Wednesday, August 11, 2010

Tamim = A Complete Education

This also appears in the Jewish Star

Parshat Shoftim
by Rabbi Avi Billet

I’ve always marveled at the notion that Jewish men or women do not need to get any education beyond a Torah education. The thought that we might close off our brains or deprive ourselves of G-d’s gifts to this world is anathema to my existence, especially when we live in a time when knowledge is so readily accessible.

However, one need not leave the walls of the Beis Medrash to discover that people like Maimonides, Nachmanides, the Gaon of Vilna and others were heavily steeped in sciences and non-Torah subject matters — in addition to their being top-notch Torah scholars.

In Rav Shlomo Zalman Auerbach’s responsa on electric matters, he often spends dozens of pages describing the mechanics and technical matters of scientific realities before entering the realm of halakhic discourse.

The Talmud (Shabbat 75a) and the Sifrei (170) say that while one may not learn the ways of the other nations of Canaan in order to practice their ways, “One is permitted to learn about the things they do, to understand and to teach” a proper path. Of course, “their practices” refer to activities which are specifically polytheistic, pagan, or ritualistic — outside the pale of Judaism. But if the knowledge one will gain will make a person more well-rounded, the Talmud seems to be giving the learner its blessing.

The Talmud Shabbat takes this idea a step further and says that a person who does not learn about the seasons and constellations is not fulfilling a mitzvah of Devarim 4:6.
Amazingly, one of the criteria for a person to be appointed to the Sanhedrin is that he have an understanding of witchcraft and magic (Sanhedrin 17a, bottom), (Menachot 65a, top).

The common denominator of these bullet points is the allowance, the acceptance, and the necessity of having a general education beyond one’s Torah education.

This discussion stems from a fundamental interpretation of Devarim 18:9-13. “When you come to the land G-d gives you, do not learn to do the abominable acts of those nations. [Here the Torah lists kinds of necromancy, sorcery and magic.] Anyone who does these is perverting an abomination against G-d. It is these activities that are causing the nations to be chased out of the land. Be ‘tamim’ with Hashem your G-d.”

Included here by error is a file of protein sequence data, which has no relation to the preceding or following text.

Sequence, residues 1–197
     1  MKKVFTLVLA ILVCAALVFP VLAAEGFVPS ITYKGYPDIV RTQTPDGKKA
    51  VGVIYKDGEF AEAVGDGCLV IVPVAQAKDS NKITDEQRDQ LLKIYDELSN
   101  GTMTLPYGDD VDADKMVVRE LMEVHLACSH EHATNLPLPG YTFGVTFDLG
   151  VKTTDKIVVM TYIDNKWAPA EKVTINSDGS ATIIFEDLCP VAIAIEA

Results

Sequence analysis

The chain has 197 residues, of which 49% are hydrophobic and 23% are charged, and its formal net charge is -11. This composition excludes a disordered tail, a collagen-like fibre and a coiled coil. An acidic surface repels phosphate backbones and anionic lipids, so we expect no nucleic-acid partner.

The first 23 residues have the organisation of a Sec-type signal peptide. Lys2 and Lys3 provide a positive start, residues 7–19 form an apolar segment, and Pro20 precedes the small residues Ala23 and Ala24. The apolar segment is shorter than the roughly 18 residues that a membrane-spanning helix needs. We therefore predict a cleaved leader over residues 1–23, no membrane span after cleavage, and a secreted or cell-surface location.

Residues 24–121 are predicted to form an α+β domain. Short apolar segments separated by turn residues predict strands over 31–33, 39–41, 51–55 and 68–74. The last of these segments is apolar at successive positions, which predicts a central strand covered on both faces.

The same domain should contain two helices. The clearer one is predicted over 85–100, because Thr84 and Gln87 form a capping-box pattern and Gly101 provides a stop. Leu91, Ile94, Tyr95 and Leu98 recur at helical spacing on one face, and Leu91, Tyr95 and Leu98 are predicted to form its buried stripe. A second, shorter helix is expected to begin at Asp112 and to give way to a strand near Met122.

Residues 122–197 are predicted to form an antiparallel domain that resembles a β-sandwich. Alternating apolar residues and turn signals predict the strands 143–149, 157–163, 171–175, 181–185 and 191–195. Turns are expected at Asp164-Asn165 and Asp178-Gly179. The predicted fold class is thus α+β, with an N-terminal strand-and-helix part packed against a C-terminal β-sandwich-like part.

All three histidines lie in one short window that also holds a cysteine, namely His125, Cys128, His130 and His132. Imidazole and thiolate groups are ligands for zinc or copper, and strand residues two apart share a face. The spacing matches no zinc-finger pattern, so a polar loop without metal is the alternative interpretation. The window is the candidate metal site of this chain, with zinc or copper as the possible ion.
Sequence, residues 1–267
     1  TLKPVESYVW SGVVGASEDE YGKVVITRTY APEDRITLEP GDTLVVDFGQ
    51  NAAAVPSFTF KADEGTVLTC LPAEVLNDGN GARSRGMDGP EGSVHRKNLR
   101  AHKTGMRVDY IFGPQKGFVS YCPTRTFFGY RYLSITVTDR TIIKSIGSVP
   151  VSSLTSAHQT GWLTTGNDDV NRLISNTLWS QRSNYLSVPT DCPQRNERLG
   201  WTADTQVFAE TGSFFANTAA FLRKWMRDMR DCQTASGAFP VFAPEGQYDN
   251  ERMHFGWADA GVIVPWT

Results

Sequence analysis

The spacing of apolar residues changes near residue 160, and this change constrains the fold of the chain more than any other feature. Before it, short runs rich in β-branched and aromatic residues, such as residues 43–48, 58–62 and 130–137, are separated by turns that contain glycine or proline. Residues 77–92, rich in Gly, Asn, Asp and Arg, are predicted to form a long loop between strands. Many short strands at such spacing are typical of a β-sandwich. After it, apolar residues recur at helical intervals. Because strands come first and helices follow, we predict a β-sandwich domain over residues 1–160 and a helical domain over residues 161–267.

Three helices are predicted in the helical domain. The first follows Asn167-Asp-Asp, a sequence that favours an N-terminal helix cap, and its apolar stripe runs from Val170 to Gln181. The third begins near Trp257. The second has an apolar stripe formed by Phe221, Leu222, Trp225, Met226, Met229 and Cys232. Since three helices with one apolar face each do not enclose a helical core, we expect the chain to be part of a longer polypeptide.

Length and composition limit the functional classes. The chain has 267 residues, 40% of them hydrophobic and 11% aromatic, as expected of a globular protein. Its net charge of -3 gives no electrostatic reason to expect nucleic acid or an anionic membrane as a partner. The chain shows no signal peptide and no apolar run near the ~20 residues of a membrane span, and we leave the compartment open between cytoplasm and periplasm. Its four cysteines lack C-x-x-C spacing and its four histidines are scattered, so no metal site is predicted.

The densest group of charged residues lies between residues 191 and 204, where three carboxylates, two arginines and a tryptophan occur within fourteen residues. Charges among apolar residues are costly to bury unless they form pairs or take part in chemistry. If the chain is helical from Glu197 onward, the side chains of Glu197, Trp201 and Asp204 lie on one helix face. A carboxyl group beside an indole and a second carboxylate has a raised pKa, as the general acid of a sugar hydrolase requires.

On “Do not learn to do the… acts” Rashi quotes the Talmud cited above to suggest we are in need of an education to know what is out there, so we can act accordingly and know how G-d wants us to behave, as well as the behaviors G-d abhors.

Therefore I would like to suggest that “Tamim Tihyeh Im Hashem Elokekha” means “Be complete with Hashem your G-d” in the sense of having as well-rounded an education one can have. Being complete means we have a life-long task of educating ourselves about not only Torah, but anything which can be defined as a G-d-given science.

Whether it is astrology, philosophy, political science, rules of governance, understanding the stars and the zodiac (Ramban has a lengthy commentary on this section of the parsha in which he intimates that these magic “sciences” are real and were put on earth for a purpose – just not a Jewish purpose), mathematics, biology, chemistry, physics, medicine, health – all of these are available to us to study and to understand, so we can have a complete knowledge of G-d and His world.

How will we know what to do with it all? The next verses in the parsha say we are to be guided by a prophet, just like Moshe.

In our days there are no prophets for us to follow. We have, on the other hand, a legacy of right and wrong, of the proper path versus the improper path, of what is pleasing to G-d versus what is not pleasing to G-d.

What is unacceptable, however, is to write off knowledge of the world as “goyish,” and to claim that pursuit of ideas which do not smack of Torah is to be avoided because it is something a Jew “doesn’t do.”

Not everyone needs to be a professor or scholar, but to avoid intellectual pursuits using Torah as an excuse is, at least according to one passage from the Talmud, the equivalent of not fulfilling of a mitzvah.

Remember the slogan of the United Negro College Fund since 1972: “A mind is a terrible thing to waste.”

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